The 3 universal fears are important to understand as you navigate something new or difficult. Because new opportunities mean that you also (consciously or unconsciously) worry about how well you’ll do. Not to mention what other people will think of the change you’re making.
You may have already heard of these fears from either Greg Braden or Tony Robbins, but I’ve had a few questions about these lately. So in this blog post (and video below) I wanted to share how these fears might hold you back from unlocking and transforming your career.
The 3 universal fears:
- Fear of being found out (also sometimes referred to as ‘fear of not being enough‘).
I have noticed that this will often come up if you have been out of the workforce for a while or been promoted. Even though you know on a logical level that you can do the job, you start to doubt your ability and might lean into perfectionism or over preparing to always ‘stay one step ahead’. It’s good to be prepared, but within reason (you’re only human!). If you let this type of worry take over you’re likely going to burn out at some point.
- Fear of not belonging.
I’ve seen this one come up both as my clients come into a new role (hoping to ‘fit in’) or struggling to be accepted by people/friends/family around them as they transition in their career. I’ll probably do a separate video about belonging and fitting in, but just briefly – they are very different! Belonging is a deep sense of being to show up in your work/community/tribe as all that you are and being accepted for that. Fitting in is more often about compromising on who we are to meet other peoples values, standards or expectations. Fitting in is exhausting in the long term and only fuels this type of fear.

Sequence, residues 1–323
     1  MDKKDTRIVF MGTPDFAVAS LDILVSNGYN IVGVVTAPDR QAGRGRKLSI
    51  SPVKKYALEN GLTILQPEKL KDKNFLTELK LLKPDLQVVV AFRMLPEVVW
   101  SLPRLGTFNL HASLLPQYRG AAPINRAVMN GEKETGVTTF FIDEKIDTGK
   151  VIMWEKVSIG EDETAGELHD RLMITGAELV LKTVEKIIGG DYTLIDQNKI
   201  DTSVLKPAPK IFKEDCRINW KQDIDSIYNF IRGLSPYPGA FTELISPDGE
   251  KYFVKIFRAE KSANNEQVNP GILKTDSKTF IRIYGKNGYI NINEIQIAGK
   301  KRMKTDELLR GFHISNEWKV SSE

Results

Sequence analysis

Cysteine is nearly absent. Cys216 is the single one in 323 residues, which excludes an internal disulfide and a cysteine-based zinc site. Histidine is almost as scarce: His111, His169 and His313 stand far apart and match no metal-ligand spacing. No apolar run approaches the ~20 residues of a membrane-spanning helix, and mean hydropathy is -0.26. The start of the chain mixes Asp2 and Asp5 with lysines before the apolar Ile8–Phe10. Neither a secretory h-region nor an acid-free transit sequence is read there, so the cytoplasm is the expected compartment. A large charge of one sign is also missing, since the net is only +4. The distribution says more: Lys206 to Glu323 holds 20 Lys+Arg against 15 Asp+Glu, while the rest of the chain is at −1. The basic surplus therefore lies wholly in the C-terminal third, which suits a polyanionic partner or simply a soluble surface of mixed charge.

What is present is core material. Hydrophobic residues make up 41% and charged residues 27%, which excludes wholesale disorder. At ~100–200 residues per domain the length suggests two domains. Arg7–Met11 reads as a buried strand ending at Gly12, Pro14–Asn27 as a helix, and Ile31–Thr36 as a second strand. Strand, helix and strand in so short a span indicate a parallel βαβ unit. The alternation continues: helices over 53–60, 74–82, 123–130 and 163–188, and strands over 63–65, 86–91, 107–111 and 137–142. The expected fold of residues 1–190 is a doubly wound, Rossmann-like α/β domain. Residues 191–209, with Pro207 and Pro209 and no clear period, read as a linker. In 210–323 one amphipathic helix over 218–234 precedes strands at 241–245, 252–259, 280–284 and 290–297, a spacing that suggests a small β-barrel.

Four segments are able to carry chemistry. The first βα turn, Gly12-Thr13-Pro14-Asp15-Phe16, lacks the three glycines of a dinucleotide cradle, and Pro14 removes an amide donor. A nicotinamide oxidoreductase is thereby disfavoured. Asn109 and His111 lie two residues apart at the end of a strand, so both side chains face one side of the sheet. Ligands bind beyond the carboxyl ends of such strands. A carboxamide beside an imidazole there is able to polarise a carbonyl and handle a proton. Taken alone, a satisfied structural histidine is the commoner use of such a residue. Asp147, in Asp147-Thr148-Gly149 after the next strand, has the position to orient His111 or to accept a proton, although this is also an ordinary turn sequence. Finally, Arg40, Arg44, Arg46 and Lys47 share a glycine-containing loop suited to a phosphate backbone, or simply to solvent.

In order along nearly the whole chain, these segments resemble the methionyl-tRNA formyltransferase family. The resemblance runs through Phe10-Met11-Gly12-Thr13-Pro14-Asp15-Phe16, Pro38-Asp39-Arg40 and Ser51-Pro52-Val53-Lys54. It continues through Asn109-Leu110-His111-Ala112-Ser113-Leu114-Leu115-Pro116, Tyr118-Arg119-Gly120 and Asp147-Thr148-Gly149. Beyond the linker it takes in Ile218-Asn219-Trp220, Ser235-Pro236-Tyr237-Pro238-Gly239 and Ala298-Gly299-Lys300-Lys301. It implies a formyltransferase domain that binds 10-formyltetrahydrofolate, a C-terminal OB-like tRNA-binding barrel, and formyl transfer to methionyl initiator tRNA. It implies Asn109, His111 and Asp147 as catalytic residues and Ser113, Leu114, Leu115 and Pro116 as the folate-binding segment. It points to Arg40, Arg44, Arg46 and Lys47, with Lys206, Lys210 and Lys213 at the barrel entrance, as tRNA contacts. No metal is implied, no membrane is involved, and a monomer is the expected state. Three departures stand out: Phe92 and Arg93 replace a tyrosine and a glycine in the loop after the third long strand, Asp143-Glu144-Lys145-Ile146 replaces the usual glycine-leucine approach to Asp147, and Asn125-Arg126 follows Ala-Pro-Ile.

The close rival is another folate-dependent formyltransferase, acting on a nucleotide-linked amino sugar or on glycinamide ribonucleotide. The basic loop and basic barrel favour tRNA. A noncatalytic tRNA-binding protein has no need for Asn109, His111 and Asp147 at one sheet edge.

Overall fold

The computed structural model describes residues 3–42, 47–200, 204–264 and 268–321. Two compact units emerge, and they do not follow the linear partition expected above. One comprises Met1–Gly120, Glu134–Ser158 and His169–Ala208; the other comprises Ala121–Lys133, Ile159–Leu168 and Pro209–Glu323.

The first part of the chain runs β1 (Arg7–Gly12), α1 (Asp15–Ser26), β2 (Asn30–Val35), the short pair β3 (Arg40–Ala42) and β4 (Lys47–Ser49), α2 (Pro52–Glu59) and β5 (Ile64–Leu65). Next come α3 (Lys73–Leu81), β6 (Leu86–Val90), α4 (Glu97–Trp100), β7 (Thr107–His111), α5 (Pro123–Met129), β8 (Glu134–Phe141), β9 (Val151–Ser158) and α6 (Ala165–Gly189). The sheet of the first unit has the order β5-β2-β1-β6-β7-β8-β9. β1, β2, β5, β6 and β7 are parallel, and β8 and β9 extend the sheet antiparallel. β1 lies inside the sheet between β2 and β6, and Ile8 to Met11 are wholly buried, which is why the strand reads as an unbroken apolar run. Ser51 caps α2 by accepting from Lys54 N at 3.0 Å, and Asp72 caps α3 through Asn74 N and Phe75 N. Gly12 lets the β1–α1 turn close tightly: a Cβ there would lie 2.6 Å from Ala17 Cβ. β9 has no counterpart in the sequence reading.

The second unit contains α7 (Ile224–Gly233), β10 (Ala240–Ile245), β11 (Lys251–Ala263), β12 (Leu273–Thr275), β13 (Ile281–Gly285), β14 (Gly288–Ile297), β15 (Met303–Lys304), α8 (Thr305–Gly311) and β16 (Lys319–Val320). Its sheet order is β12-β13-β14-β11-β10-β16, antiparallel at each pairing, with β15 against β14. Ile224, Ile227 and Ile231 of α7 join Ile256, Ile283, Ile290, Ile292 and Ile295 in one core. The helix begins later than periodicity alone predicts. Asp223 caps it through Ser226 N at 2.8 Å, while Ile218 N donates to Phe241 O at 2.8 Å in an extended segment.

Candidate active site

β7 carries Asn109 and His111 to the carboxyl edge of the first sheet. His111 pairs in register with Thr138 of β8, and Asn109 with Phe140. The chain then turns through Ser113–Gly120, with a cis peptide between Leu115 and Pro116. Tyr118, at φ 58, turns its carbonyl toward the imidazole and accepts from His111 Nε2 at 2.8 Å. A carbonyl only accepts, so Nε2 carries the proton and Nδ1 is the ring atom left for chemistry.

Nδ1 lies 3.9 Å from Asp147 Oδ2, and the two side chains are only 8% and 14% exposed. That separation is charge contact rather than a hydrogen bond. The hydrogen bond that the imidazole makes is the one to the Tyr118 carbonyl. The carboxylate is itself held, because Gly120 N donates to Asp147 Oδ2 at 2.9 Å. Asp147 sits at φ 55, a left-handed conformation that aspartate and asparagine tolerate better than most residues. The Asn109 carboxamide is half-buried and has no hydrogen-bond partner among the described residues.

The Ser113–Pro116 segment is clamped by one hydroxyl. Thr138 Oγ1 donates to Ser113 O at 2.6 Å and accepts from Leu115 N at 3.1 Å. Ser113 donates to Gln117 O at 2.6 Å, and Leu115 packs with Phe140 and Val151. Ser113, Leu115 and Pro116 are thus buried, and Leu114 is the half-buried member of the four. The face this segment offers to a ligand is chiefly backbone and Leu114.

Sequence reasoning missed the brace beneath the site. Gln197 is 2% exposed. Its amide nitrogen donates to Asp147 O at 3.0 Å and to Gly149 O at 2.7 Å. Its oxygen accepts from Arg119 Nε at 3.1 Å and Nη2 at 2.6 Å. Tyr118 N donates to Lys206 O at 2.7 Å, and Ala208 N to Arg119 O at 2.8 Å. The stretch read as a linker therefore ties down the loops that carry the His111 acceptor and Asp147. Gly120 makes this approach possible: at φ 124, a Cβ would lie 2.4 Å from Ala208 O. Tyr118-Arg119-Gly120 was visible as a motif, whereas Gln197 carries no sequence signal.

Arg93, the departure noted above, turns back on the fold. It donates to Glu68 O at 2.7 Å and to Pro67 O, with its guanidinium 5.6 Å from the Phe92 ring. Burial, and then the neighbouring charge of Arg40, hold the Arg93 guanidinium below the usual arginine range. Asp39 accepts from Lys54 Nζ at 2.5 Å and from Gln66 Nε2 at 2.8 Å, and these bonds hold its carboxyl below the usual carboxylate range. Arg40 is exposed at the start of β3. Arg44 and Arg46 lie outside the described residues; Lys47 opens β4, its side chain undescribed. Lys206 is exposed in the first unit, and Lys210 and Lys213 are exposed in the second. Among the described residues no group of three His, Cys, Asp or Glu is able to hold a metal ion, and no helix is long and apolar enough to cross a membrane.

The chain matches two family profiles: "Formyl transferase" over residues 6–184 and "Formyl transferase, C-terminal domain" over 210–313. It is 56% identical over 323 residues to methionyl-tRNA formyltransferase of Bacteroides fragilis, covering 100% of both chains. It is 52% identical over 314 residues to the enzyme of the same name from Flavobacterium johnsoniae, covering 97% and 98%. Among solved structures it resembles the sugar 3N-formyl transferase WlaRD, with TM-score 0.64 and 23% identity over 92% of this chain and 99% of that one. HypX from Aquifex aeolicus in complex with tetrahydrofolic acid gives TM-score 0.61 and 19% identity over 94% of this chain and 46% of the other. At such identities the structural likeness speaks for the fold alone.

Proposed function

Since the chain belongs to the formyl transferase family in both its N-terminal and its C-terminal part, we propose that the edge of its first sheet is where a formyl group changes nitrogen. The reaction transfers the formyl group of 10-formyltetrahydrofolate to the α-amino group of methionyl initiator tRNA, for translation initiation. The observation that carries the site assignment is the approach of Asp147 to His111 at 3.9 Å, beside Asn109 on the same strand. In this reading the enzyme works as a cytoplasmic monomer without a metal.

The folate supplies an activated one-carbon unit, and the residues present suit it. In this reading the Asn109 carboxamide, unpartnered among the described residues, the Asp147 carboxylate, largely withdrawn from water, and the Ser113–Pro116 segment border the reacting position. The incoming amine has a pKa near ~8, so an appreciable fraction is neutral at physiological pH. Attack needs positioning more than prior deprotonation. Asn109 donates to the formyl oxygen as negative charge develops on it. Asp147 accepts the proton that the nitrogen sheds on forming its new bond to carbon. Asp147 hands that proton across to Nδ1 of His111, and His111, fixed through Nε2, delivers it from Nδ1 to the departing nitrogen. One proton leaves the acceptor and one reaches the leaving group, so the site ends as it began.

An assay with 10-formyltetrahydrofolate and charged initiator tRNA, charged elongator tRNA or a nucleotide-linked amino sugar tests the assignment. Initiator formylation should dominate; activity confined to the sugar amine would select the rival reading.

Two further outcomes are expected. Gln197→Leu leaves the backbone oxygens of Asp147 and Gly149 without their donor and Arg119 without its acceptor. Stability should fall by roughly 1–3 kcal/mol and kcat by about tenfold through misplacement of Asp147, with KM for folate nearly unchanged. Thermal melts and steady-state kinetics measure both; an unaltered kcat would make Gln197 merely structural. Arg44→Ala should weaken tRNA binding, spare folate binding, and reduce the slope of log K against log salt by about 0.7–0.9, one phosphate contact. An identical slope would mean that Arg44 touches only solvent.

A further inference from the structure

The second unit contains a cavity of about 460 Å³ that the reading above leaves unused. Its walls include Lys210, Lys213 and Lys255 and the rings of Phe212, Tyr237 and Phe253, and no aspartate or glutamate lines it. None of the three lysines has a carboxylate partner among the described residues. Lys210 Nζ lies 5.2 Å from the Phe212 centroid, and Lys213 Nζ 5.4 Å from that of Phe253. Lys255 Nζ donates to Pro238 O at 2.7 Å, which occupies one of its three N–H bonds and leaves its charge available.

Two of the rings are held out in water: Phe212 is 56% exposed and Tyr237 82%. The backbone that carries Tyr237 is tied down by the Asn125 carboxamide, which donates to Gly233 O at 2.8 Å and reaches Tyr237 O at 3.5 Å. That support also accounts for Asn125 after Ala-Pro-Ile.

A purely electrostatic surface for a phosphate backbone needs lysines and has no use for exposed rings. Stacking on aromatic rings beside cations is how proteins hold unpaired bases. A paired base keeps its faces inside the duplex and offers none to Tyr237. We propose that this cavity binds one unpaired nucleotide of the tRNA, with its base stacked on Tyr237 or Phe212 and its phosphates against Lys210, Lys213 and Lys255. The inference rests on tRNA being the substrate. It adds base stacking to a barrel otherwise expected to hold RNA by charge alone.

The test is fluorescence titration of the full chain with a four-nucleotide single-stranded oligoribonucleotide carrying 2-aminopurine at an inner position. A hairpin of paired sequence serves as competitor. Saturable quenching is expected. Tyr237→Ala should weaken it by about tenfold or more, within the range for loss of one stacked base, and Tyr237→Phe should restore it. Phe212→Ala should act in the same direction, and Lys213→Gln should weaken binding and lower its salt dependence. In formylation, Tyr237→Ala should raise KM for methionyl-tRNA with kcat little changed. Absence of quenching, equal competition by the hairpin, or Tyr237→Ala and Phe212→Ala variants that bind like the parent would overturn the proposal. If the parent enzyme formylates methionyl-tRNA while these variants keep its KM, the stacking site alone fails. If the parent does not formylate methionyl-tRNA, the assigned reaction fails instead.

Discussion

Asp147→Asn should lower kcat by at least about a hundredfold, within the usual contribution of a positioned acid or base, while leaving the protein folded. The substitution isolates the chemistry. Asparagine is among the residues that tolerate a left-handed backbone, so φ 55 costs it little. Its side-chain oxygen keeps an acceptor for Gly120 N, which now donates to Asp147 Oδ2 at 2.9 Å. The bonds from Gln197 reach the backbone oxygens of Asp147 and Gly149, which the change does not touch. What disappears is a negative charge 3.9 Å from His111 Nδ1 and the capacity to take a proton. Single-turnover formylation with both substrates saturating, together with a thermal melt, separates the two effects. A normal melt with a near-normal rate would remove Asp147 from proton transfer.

- Fear of not being loved.
As you make changes in your career, there is a risk that the people you love (family, partner, friends) don’t always approve of how you are choosing to do that. You might not earn as much as you start your own business or go back to university, but it’s what you really want! The thing is, if we feel a risk of rejection or withdrawal of love and approval from those who are important to us, we will let this fear guide our decisions instead.
Watch the video
Fear can be your best friend or your worst enemy, so it’s important to be aware that these fears are present (in some form) in every single person. Be mindful if you are asking yourself “What’s wrong with me?” or “Why am I feeling like this?“. Instead try to identify which of these types of fear might be running the show. Fear will drive decision-making and if we’re not careful it can be poor decision making.